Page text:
Was The Chinese Civil War The Most Brutal War In History?

It's an unfortunate fact that there are quite a few contenders for the top spot on the list of the "most brutal wars in history." And the Chinese Civil War is definitely a contender, despite the fact that many folks in the Western Hemisphere are utterly clueless as to the tragic details of the conflict.

Britannica dates the main events of the war from 1945 to 1949, but the roots of the bloody clash go back decades earlier. As History notes, the terrible infighting in China began back in 1927, when Chiang Kai-shek, military and political leader of the Nationalist Party, or Kuomintang (KMT), led a coup to oust members of China's Communist party, who had been allowed into the KMT a few years earlier.

The Sino-Japanese War, which began in 1937, fractured China into three distinct regions of power: the KMT, which controlled the government, the rebelling Communist forces, and Japanese-occupied areas in Manchuria, Taiwan, Hong Kong, and other locations on the coast. That war and the larger world war both came to an end in 1945, but the fighting was far from over in China. That country's bloody civil war had only just begun.

The Chinese Civil War was definitely one of the most brutal wars in history

At the beginning of the Chinese Civil War, it looked like Chiang Kai-shek and the Nationalists were going to come out victorious, but the tide turned in 1947. While the KMT had control of many urban centers, Mao Zedong's Communists paid special attention to the country's poor rural population. This proved to be a savvy tactic, and by the end of 1947, the communists had the upper hand. "The Chinese people's revolutionary war has now reached a turning point," said Mao Zedong in December of that year. "The main forces of the People's Liberation Army have carried the fight to the Kuomintang Area. ... This is a turning point in history."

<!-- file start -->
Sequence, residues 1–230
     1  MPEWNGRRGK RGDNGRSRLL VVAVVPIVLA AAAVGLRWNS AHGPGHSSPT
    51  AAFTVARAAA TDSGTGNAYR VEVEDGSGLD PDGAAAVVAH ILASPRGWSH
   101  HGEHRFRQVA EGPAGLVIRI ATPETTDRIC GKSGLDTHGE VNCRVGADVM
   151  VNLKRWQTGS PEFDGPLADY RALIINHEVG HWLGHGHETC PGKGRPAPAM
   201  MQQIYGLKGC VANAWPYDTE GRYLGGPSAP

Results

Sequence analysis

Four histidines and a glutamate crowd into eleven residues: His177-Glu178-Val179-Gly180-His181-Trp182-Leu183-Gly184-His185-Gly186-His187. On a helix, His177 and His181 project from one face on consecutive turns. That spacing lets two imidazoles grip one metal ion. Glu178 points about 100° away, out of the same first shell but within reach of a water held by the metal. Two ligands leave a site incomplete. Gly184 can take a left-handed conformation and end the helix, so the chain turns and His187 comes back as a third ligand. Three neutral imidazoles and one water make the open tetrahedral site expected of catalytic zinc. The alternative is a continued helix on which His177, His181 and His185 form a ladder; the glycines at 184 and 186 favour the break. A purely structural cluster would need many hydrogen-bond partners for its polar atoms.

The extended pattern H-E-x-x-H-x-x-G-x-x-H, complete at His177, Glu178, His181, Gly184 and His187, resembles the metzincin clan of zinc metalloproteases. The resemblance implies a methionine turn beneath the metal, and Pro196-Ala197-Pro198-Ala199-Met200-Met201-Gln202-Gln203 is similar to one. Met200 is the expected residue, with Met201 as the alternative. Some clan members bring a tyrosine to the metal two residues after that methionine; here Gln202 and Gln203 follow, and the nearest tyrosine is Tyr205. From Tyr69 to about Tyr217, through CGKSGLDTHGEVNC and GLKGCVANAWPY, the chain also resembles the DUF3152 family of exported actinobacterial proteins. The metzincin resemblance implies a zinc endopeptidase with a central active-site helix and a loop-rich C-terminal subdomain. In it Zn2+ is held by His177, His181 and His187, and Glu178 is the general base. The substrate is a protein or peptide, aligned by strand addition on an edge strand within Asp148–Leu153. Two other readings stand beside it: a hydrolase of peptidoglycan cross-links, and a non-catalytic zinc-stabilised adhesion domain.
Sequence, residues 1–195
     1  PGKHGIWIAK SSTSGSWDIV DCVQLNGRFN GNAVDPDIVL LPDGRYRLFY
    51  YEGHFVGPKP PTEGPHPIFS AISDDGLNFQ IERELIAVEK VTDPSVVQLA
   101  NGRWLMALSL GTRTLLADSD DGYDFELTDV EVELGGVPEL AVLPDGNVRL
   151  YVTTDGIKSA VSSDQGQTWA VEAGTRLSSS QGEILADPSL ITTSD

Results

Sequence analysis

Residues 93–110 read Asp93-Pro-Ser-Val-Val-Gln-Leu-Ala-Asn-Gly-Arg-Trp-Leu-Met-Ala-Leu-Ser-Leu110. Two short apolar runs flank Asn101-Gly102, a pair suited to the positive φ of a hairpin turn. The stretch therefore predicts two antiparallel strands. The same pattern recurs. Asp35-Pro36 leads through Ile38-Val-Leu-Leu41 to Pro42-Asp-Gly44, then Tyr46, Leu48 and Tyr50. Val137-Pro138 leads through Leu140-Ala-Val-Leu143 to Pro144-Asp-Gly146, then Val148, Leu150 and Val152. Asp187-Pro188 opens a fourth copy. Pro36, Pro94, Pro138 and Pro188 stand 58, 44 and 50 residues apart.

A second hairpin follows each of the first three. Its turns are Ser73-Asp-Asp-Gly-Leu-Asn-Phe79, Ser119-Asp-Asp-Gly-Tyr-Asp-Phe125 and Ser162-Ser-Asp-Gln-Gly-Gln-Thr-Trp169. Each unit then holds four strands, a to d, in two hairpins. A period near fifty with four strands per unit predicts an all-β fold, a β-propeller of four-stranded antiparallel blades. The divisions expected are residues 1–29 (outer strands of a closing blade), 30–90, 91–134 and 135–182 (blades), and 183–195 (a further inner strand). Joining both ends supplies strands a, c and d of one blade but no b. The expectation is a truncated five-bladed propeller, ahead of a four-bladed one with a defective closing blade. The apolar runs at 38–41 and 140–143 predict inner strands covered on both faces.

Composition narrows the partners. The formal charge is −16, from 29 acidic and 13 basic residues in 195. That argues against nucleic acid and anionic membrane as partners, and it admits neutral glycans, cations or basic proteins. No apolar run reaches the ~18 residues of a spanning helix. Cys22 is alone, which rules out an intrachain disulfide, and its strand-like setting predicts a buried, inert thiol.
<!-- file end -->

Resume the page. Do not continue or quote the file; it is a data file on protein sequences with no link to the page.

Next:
Indeed it was. From there on, the communists had the KMT on the run, eventually forcing Chiang Kai-shek to flee to the island of Formosa, aka Taiwan. The People's Republic of China was established in 1949, after a terrible conflict that left nearly 8 million people dead, the vast majority (around 5 million) of those civilians either killed in combat or dead as a result of factors like disease and famine.

While that is a staggering number of deaths, it is tragically nowhere near the bloodiest war in history. The Chinese Civil War is actually only number 9 on the Borgen Project's list of the deadliest wars in history. Several others on the list also took place in China, but the number one spot goes to — you guessed it — WWII, which killed over 70 million people across the globe.